Miles away, in Jogeshwari, a packed suburb of Mumbai, first-time Sena MLA Ravindra Waikar is at work in the new culture. Jogeshwari is where some huts of Hindu families were set ablaze in January 1993, a month after the demolition of the Babri Masjid. Five women and a man died, and the murders set off an orgy of violence in what was then Bombay. For two weeks, the Sainiks targeted Muslims across Mumbai in the infamous Bombay riots. Jogeshwari was a hub of the unemployed and a catchment area for angry Sena cadre. It used to be a dirty, miserable part of Mumbai.
Now, a new Jogeshwari is coming up. Waikar has been a municipal corporator four times and won the last election to the Assembly from Jogeshwari East. “Look at this. Can you believe it is the same Jogeshwari,” he says. There are three huge and neatly trimmed parks named after the then Anti-Terrorism Squad chief Hemant Karkare, the then Additional Commissioner of Police Ashok Kamte, and top cop Vijay Salaskar — all of whom were killed in the 26/11 attack on Mumbai.
Just at the entrance of Jogeshwari, by road, is a shining Ganpati temple, Waikar’s hub. It is a Tuesday night and the place is packed. There are about 500 people for the evening prayers, and astonishingly most of them are girls and boys. “We look for ways to make sense to the younger generation. Things get focussed for us when we are in power because we know we have to deliver on projects. When we are out of power, we don’t know what we will do. This causes restlessness among the cadre. We can still raise 10,000 people if we want to, but we are now focusing on immediate issues that make a difference to people,” he says.
Waikar seems to do the Manoos thing smartly. An open air class is being conducted on the terrace of the Ganpati temple. There are about 150 students. A teacher is giving them tips on how to get better marks in Marathi during the board exams. The teacher speaks into a handheld microphone. A speaker carries his voice to each student. “No one has ever scored 100 per cent marks in Marathi. You must be the first,” the teacher says. There is a bust of Shivaji on one side, a garlanded portrait of Meenatai, Bal Thackeray’s wife who died years ago, and a large poster of Waikar.
This is the new Sena. Waikar’s men trawl the chawls of Jogeshwari and have near-perfect knowledge of every human need there. His office knows how many widows live in Jogeshwari, how many children are orphans, and how many couples have no children. Old women are offered free food at the temple everyday. Adjacent to the temple is a jogging trail and a small manmade lake. People swarm there at night, making it a social hub. Inside, Jogeshwari is still too packed. Too many people live here. The chawls may never go. The issue of the Manoos may always lead to fights. But, from the outside, it is changing.
All this causes confusion about the identity of the Marathi Manoos, the Sena’s central theme. Dinkar Gangal, 70, a Marathi litterateur, is wondering just who the Marathi Manoos is. Gangal lives near Chembur and has spent much time trying to get Maharashtrians to read more. In 1982, he held a yatra to promote reading. Two weeks ago, he launched a new website www.thinkmaharashtra. com. “Right now, I am not able to define a Marathi Manoos. I only have the popular notion that such a person is born and raised in Maharashtra and speaks fluent Marathi,” says Gangal.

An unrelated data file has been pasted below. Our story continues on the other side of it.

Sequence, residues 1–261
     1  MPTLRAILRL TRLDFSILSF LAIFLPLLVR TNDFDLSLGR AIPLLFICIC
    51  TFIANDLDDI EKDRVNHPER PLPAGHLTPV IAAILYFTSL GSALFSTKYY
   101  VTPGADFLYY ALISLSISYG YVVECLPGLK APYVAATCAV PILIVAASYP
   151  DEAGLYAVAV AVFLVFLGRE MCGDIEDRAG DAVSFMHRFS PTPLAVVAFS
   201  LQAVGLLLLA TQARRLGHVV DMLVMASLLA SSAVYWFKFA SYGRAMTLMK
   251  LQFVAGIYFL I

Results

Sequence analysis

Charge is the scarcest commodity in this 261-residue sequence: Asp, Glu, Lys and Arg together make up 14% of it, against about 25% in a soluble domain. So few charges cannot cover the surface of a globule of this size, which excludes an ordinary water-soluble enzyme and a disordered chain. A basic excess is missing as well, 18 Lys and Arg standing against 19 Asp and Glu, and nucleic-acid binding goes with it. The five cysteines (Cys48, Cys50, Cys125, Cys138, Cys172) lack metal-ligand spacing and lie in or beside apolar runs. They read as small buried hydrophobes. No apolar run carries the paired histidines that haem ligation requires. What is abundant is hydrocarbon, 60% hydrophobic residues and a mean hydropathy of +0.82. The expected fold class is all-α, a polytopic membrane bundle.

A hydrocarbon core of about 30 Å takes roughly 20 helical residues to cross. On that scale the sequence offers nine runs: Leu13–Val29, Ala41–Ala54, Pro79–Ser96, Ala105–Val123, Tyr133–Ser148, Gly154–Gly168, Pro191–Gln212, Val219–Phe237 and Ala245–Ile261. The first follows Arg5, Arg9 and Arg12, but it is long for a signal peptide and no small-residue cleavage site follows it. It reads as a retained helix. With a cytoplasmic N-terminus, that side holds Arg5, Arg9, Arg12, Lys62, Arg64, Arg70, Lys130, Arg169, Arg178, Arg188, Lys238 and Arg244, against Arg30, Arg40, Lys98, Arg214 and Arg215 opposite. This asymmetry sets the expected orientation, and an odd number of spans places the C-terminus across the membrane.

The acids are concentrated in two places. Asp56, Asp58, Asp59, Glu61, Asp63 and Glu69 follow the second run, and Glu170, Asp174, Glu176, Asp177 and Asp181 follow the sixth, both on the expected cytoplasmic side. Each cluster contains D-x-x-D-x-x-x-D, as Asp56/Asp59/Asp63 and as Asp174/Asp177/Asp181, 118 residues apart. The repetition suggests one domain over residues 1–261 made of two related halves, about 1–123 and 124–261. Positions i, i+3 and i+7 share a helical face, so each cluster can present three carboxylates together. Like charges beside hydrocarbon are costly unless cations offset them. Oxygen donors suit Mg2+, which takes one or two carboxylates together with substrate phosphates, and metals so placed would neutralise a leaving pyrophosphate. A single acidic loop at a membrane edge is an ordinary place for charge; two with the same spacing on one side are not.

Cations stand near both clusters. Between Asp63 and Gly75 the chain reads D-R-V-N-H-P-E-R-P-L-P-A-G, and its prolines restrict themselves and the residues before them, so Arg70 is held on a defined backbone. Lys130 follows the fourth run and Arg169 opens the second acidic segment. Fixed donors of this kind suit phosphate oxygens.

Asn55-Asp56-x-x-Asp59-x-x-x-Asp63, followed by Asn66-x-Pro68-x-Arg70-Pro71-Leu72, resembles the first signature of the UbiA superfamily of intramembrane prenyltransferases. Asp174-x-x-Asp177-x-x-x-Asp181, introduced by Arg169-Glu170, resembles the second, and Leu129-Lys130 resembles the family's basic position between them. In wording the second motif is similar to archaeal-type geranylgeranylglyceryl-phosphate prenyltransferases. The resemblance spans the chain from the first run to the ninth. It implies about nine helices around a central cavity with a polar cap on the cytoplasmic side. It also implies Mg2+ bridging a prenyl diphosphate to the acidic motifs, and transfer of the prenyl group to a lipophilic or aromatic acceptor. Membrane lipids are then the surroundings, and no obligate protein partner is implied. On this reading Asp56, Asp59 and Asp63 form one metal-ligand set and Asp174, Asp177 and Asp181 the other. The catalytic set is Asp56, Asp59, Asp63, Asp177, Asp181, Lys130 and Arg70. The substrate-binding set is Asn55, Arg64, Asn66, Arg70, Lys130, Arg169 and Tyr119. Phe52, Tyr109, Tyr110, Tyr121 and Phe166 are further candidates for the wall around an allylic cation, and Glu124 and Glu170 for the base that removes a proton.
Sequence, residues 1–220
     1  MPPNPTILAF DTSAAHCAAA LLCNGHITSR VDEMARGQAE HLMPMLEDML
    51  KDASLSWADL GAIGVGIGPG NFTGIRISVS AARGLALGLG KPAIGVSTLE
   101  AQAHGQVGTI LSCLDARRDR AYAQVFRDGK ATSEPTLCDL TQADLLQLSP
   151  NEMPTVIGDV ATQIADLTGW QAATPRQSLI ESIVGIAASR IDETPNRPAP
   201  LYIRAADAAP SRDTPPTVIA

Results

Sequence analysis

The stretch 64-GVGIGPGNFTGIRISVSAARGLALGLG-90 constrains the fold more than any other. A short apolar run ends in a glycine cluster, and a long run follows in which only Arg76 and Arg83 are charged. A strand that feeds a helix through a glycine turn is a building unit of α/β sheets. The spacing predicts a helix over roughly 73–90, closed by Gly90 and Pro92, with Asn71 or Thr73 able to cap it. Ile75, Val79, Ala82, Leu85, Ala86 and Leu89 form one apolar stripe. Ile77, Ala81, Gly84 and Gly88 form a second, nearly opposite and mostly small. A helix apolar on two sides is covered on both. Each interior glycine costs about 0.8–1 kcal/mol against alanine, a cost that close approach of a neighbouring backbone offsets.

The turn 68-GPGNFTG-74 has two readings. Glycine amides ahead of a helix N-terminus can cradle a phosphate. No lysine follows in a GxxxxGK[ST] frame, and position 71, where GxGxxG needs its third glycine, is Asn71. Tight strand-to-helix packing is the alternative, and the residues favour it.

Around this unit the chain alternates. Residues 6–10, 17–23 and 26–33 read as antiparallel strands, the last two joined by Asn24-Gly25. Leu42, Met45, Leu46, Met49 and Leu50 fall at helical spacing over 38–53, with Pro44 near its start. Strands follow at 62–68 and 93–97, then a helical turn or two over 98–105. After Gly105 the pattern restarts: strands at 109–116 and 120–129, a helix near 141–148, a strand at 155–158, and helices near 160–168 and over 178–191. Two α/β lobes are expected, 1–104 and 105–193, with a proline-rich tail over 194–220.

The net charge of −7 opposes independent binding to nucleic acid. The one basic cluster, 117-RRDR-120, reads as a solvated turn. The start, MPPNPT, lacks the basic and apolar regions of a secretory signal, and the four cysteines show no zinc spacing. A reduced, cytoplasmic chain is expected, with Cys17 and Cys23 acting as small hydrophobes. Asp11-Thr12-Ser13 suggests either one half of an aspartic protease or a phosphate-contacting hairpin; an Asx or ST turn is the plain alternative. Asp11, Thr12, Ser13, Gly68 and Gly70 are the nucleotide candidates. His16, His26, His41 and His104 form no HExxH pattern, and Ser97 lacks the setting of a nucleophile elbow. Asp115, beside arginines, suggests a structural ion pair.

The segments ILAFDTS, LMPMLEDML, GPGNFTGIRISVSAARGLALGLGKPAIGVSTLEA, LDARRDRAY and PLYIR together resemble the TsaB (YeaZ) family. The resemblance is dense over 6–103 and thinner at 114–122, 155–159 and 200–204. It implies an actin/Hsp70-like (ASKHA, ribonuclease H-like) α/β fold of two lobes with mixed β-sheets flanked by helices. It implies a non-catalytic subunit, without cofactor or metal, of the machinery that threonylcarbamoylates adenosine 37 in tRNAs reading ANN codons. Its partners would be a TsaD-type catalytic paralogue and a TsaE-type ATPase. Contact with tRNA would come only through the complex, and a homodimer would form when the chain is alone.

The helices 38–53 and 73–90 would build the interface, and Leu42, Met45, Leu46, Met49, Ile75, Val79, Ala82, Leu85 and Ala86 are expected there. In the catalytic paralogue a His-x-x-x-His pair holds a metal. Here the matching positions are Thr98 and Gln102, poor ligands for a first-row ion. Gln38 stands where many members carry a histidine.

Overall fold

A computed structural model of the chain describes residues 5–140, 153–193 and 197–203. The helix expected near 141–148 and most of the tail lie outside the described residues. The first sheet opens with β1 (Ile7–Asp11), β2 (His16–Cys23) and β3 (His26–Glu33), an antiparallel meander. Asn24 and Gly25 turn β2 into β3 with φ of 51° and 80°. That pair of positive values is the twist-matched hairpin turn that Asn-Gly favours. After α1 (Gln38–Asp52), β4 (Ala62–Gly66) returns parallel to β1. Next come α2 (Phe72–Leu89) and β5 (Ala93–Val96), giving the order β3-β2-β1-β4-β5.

To get a better hang of it, Gangal has proposed a survey of 2,000 people during the March Akhil Bharatiya Marathi Sahitya Sammelan in Pune. “There will be 10,000 people gathered there. It is the biggest Marathi literary gathering. We will ask 2,000 people to describe their idea of the Marathi Manoos.”
Older Maharashtrians and the youth appear to be attracted to Raj Thackeray,’ says a Marathi Manoos
Gangal says Raj Thackeray, Uddhav’s estranged cousin and head of the rival political outfit, the Maharashtra Navnirman Sena, is more of a “darling boy” than the Shiv Sena with some Marathis. “Older Maharashtrians and the youth appear to be attracted to Raj. They find a bit of the old Indira Gandhi in Raj. Like with Indira, Raj’s eyes are full of pride. They say more with their eyes than their tongues. They have similar body language as well.”
The MNS and the Shiv Sena are feeding off the same base at the moment. Most of Raj Thackeray’s plans ands activities have been in former Sena bases like the Konkan area. When he does something, it is mostly to undercut the Sena, or get aggressive just as the Sena cadre used to in the past. For instance, currently Raj is in the Konkan on a tour to galvanise support for the MNS while his party is weak in vast areas in Vidarbha, for instance.
SO THEN, the Shiv Sena has a situation on its hands. The Marathi Manoos appears to have a mind of his own and may not be carried away. One indication is the response to Mahesh Manjrekar’s 2009 movie Mee Shivajiraje Bhosale Boltoy. The film has been described as the seminal movie on Marathi identity and is the biggest Marathi hit, grossing Rs 25 crore so far.
The story deals with an ordinary Marathi family whose head is frustrated at work and by the career setbacks to his children. He curses his Marathi identity and blames his forefathers for his birth as a Marathi. This riles Shivaji, the legendary Maratha king, played by Manjrekar, who wakes up when blamed. Shivaji then has a conversation with the central character of the movie and asks him to look at his flaws before blaming the world for the way the Marathi Manoos suffers. In the movie, the central character changes his attitude. Maharashtra hopes the Sena will too.